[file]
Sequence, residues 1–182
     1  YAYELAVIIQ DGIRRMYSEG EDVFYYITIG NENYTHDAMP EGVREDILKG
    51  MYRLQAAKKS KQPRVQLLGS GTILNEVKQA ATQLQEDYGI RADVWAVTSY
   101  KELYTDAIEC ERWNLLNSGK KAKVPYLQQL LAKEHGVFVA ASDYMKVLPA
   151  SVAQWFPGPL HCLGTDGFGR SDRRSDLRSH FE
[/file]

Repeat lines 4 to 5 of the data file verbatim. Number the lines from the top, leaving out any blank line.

   101  KELYTDAIEC ERWNLLNSGK KAKVPYLQQL LAKEHGVFVA ASDYMKVLPA
   151  SVAQWFPGPL HCLGTDGFGR SDRRSDLRSH FE